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Places: People past and present make landscape come alive

Wednesday, December 25, 2002

By Patricia Lowry, Post-Gazette Architecture Critic

My mother always said I was the best Christmas present she ever received, at 20 minutes after 1 a.m. on Dec. 25 -- 6 pounds, 3 ounces of first-born baby.

I like to think she gave me some of her best qualities, like patience and fortitude. But the very best present -- the one that keeps on giving six and a half years after her death -- was and is her family.

While I had the luxury of being born in a hospital, my mother was born in 1927 in a back bedroom of a three-story frame house in Brighton Heights. My aunt lives there by herself today, but in the hardscrabble 1930s the house, then owned by my great-aunt, was bursting at the seams. Aunts, uncles, husbands, wives, sisters, brothers, cousins all piled in, from attic to stone-walled basement.

In time my mother, her two older sisters and her struggling parents moved out, from rowhouse to rented rowhouse: Lincoln Avenue, Mellon Street, Washington Boulevard. Eventually there were six children in all, five girls and a boy. They were so very poor, I used to think, until a few years ago, when I received a letter from one of my mother's cousins, who grew up an only child.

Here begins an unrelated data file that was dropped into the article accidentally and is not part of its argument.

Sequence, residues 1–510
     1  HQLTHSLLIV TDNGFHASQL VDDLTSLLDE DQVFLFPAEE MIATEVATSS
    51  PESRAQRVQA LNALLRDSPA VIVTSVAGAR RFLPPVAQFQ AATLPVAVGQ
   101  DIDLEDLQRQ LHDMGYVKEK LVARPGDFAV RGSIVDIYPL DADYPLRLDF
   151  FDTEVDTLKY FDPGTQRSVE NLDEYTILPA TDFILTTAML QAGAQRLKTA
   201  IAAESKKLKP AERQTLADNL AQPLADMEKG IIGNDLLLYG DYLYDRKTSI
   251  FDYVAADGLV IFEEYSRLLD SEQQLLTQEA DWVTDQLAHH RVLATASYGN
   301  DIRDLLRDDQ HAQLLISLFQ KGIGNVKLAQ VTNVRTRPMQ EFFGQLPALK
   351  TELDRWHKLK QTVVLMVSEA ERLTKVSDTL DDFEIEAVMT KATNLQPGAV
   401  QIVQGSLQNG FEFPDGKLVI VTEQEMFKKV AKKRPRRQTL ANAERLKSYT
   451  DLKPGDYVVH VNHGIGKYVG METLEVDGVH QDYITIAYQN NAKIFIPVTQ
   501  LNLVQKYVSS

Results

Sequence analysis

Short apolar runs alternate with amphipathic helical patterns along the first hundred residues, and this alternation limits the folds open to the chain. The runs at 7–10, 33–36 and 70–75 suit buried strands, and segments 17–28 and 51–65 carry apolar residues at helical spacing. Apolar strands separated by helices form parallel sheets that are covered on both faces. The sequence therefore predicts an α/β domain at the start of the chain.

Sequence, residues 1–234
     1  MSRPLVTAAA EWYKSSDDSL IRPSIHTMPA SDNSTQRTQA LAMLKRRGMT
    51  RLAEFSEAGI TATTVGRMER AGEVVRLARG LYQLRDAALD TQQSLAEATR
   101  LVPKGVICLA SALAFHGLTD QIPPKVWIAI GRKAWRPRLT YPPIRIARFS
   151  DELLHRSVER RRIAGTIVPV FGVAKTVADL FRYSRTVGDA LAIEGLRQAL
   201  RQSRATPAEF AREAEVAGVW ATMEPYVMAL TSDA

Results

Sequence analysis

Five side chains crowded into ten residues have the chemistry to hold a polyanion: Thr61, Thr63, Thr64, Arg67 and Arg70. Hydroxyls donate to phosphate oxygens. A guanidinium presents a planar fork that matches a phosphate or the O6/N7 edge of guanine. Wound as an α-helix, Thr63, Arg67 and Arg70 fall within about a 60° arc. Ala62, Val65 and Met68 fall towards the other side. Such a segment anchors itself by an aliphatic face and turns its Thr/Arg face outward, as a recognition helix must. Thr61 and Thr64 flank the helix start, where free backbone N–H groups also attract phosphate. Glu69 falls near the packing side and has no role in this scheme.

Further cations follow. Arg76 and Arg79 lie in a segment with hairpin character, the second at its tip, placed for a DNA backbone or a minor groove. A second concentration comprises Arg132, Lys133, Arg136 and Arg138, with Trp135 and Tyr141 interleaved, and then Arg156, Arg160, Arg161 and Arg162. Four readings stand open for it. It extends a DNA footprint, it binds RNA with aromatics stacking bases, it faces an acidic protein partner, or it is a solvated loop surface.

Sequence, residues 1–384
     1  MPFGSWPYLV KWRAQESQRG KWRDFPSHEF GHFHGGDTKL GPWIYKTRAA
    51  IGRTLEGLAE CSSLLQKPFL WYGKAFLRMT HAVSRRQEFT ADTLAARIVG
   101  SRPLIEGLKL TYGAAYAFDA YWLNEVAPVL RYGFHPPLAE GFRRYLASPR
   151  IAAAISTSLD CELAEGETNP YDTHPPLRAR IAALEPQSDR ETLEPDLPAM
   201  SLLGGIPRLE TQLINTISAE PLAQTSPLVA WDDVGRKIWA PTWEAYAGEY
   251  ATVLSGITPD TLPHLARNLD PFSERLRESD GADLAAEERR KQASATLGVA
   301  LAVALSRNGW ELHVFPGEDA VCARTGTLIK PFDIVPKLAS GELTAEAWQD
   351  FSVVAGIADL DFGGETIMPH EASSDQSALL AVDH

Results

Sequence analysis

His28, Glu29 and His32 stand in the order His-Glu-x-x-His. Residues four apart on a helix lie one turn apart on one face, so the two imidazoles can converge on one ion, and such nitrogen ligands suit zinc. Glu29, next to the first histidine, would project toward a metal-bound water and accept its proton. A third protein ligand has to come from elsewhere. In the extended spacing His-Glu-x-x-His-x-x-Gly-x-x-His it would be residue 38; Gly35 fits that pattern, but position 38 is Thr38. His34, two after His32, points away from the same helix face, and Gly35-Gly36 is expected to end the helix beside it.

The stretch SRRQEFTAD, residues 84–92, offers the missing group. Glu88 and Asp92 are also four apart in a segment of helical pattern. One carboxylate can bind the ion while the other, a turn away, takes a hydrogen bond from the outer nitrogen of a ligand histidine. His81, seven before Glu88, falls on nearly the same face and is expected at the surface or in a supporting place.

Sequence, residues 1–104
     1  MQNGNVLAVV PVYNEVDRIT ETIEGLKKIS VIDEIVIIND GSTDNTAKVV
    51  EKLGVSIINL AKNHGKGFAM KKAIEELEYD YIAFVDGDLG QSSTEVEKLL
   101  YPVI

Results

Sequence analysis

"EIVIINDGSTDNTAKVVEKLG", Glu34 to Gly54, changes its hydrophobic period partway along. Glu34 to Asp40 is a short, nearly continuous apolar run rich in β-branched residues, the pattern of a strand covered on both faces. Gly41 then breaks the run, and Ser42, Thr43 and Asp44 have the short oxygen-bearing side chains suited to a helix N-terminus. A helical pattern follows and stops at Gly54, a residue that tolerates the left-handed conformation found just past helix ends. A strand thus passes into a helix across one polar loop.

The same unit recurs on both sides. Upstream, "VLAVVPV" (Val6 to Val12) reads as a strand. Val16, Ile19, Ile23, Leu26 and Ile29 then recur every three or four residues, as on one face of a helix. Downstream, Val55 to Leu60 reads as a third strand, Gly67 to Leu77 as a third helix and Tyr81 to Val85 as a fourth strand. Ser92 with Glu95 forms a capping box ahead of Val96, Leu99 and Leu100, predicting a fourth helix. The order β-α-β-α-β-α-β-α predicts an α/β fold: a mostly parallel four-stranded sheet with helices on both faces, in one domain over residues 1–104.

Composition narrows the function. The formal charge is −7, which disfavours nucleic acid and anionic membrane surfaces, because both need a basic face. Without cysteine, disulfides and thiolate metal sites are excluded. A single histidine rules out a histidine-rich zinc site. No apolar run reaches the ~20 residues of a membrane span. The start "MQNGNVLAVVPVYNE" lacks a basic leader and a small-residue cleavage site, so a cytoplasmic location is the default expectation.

"Our visits to the Mellon Street house were always ones of happiness for me," Jean wrote. "I remember as a child how wonderful that house with the front porch and so many rooms (it had a real dining room) seemed to me and how special Christmas was there. The family always made us feel so very welcomed."

My grandfather died suddenly, just 58 in 1958, and my then-bachelor uncle moved his mother and sister back to Brighton Heights, buying a house across the street from my aunt. This was the alternate universe of my childhood; during the summers my mother would let me escape my little brothers and glom onto her sister's family of five daughters. We played whiffle ball on the street, swam in grandma's backyard pool and, with my dad's 8mm camera, made a horror movie in the attic, with little girls popping out of a steamer trunk, making scary faces.